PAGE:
Reading this book was a bit like listening to my grandpa rant about LBJ's foreign policy decisions - he's probably right, but without the background tReading this book was a bit like listening to my grandpa rant about LBJ's foreign policy decisions - he's probably right, but without the background to appreciate his frustrations, all I can do is listen and squirm awkwardly in my chair.
Batchelor's book is a polemic against the modern transformation of Buddhism into something as dogmatic and unquestioning as Western religions. He points out that Buddhism is a personal practice of continual awareness and questioning, not a set of beliefs, commitments, or rituals. His insights into Buddhist practices were thought-provoking but being a man of science (and therefore atheist, culturally bankrupt, anti-humanities of course), I didn't have the religious or historical background to appreciate many of his complaints about the disfigurement of Buddhism.
This short book is meant to be read slowly. Each chapter offers ideas worth taking the time to reflect upon and some also suggest particular meditations. Unfortunately, I was borrowing this from a friend at university and had to power through it in two evenings before leaving for the summer.
I likely won't return to this book again though, because my interests in Buddhism are related to cultivating continual awareness, not in defending it against a deplorable watering down for the masses....more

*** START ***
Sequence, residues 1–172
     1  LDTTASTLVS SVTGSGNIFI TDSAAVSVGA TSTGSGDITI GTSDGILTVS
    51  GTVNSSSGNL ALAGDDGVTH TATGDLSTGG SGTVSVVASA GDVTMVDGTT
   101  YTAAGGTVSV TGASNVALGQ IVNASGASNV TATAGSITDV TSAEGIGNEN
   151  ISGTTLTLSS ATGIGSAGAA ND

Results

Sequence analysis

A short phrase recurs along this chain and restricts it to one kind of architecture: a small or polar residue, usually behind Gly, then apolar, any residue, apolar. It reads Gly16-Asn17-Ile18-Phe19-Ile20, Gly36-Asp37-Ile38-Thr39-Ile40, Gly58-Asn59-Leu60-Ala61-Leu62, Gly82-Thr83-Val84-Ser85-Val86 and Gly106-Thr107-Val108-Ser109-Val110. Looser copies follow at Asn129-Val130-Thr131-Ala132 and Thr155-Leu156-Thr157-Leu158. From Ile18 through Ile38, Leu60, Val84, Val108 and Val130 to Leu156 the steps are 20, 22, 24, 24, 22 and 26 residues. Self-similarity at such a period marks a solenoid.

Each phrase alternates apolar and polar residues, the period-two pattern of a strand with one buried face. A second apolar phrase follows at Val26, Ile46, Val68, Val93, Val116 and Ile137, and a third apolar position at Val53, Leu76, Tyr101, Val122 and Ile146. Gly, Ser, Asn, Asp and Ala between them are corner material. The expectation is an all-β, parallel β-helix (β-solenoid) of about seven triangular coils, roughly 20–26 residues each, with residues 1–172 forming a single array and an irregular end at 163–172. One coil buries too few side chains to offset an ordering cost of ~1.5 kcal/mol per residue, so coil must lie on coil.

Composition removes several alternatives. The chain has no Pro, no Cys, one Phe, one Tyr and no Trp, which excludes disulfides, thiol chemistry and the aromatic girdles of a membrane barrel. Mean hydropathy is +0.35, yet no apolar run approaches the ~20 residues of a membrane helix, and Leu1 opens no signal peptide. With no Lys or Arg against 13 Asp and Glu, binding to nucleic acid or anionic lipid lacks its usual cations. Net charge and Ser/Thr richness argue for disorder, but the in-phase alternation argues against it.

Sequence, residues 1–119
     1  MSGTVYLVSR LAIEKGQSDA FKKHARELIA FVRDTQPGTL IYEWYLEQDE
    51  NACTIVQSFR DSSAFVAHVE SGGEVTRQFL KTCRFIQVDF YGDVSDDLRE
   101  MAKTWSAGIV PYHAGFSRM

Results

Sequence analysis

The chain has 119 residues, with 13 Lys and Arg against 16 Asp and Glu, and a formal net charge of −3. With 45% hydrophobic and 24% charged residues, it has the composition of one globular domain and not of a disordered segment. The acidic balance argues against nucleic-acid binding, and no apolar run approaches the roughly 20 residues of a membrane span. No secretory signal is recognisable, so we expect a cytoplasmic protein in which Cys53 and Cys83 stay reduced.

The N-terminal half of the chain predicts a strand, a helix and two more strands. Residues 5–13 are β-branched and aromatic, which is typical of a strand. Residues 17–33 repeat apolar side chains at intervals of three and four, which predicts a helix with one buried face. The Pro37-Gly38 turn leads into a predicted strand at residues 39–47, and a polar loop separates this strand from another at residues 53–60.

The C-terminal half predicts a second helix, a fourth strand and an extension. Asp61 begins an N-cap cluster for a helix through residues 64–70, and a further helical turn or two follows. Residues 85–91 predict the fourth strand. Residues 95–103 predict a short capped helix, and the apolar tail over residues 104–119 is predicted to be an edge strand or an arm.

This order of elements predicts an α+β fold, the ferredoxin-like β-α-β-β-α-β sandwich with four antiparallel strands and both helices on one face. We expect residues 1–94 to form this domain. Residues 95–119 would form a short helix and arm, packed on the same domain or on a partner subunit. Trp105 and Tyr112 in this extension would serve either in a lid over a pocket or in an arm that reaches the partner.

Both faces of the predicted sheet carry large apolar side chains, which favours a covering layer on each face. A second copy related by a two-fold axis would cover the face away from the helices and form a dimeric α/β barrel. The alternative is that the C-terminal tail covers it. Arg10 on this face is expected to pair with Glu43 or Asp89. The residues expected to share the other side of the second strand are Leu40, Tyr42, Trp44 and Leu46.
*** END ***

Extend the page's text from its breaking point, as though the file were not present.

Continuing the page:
Feminist propaganda mixed with possible misextrapolations from physics sounds worse than water torture, but this book comes highly recommended from JoFeminist propaganda mixed with possible misextrapolations from physics sounds worse than water torture, but this book comes highly recommended from John Kowalko, so I may give it a chance....more
Wow, I've never felt so mentally humbled in the shadow of a biologist. In the realm of arrogant physicists and mathematicians, biologists are seen asWow, I've never felt so mentally humbled in the shadow of a biologist. In the realm of arrogant physicists and mathematicians, biologists are seen as the housewives of science - keeping things clean and tidy while the real men do the work. I've met enough intelligent biologists to know that this is only the case most of the time, but Maturana is a giant. I feel no shame in admitting that this was one of the most difficult books I've slogged through and that I'd often spend 10-15 minutes on a single page. That said, it was worth the slog.